Buy Curious

What to know about living in a gated community in NYC

By Leah Hochbaum Rosner  | January 9, 2019 - 2:00PM

This Throggs Neck three bedroom is in Pennyfield Estates, a gated complex with a gym, on-site laundry, and guest parking. The photo has been virtually staged.

Citi Habitats

Gated communities are more of a suburban than an urban phenomenon, yet they do still exist in New York City's outer boroughs.

But they're rare enough, and somewhat antithetical to city life, to make you wonder: Why would someone choose to live in one in New York City? Where exactly are they? And how much do they cost?

Ramona Vicenty of Citi Habitats and Diana Alfaro of Douglas Elliman answer these questions and more in this week’s Buy Curious.

The question:

I like the idea of buying a place in a gated community, but would like some more information on them first. What are they like? Do they have their own security forces? Where are they in the city?

The reality:

“Having gates gives a feeling of exclusivity and privacy—for which many buyers are willing to pay a premium,” Vicenty says.

Gated communities in New York City mostly consist of townhome-style units or single-family homes. And “most of them are newer construction by NYC standards,” she adds, which means they’ll probably be pretty swanky.

Where are the gated communities in NYC?

Sea Gate—on the western tip of Coney Island—is probably the most well-known gated neighborhood in Brooklyn. It has 8,000 full-time residents and has everything from gilded-age mansions to condos. It also has two residents-only playgrounds, a dog park, and a private beach.

The Bronx has Pennyfield Estates, which has a gym, on-site laundry, and guest parking; Sunset Cove, which offers a gym, landscaped grounds, private two-car parking, and private boat slips; and Harbour Pointe at Shorehaven, which has a 24/7 attended gatehouse, clubhouse, fitness center, a playground, a basketball court, and an outdoor pool.

“In Queens, many areas of Breezy Point have gates to limit vehicular traffic,” Vicenty says, noting that the 500-acre community has its own private security force and restricts access to locals and their guests.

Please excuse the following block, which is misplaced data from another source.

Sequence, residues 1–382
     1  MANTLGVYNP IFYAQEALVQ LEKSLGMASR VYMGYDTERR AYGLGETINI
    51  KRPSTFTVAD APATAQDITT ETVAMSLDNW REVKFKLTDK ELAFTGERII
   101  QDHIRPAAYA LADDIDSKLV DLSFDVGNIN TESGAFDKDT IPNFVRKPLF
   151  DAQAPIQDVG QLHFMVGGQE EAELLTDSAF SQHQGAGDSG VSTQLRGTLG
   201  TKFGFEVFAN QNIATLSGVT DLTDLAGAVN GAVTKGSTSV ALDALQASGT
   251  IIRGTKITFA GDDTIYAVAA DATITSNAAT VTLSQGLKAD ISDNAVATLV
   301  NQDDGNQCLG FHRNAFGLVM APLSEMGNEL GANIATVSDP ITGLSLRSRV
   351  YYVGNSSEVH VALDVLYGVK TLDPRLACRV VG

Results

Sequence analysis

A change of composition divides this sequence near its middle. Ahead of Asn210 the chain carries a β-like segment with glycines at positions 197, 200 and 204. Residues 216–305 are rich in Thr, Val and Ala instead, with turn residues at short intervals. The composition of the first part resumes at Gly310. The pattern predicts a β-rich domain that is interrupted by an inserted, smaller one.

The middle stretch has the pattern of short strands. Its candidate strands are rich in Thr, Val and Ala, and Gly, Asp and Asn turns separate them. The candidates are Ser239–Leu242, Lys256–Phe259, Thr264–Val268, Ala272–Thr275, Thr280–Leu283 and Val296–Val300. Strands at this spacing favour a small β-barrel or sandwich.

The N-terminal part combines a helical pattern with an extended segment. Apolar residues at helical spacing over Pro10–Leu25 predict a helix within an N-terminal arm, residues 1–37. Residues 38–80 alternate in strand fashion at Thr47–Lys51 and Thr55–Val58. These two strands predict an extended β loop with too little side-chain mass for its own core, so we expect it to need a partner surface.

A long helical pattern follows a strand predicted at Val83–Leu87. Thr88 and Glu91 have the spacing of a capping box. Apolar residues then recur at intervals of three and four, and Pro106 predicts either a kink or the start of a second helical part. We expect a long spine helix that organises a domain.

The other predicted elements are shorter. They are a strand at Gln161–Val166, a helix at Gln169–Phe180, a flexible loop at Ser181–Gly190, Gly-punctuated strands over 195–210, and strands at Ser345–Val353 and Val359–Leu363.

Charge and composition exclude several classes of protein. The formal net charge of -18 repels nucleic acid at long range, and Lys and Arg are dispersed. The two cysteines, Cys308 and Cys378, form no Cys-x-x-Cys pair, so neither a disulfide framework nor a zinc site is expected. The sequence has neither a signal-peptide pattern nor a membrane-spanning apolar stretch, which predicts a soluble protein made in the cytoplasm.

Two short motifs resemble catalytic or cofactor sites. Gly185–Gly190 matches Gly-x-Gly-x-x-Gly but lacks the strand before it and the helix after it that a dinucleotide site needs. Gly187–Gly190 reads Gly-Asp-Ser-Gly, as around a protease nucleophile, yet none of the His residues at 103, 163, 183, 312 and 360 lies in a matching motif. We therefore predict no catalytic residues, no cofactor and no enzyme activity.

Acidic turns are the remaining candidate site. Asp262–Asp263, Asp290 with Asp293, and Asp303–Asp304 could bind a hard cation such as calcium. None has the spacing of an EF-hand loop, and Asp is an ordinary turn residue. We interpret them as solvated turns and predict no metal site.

There’s also the Baybridge Condos right off the Cross Island Parkway in Bayside, which offers attended gates for security, landscaped grounds, and the Baybridge Swim and Racquet Club, which has a heated pool, racquetball courts, a running track, on-site tennis courts, exercise classes, indoor and outdoor pools, steam room, and sauna.

Alfaro adds that if you’re willing to leave the city, there are a number of single-family-home gated communities just over the border in Nassau County.

Why would someone choose to live in a gated community?

Gated communities feel almost suburban—“like a peninsular or enclave on the fringe of a neighborhood," Vicenty says.

The gates limit the amount of through-traffic, making the streets quieter, and in many cases safer for kids, bike riders, and joggers.

Do gated communities have their own security?

Usually, but what that means can vary from community to community.

Sometimes it’s as simple as a keycard system. Sometimes there's staff or video surveillance at the entry point. And sometimes there are patrols that roam the community.

It’s hard to say if the presence of security personnel makes gated communities safer, Vicenty says, but the fact that “they provide more screening for guests and deliveries” means more peace of mind for many residents.

Do you have to pay extra to live in a gated community?

The cost of these services is usually wrapped up in the monthly charges (or HOA association fees in the case of single-family homes). And the more comprehensive the security, the more it’ll cost.

“In terms of resale value, many factors can come into play,” Vicenty says. “But nationally, the standard school of thought is that homes in a private, gated community can command between $30,000 to $50,000 more than equivalent homes in a traditional neighborhood.”

Are these gated communities typically condo or co-op?

The ones in NYC are typically condos and single-family homes.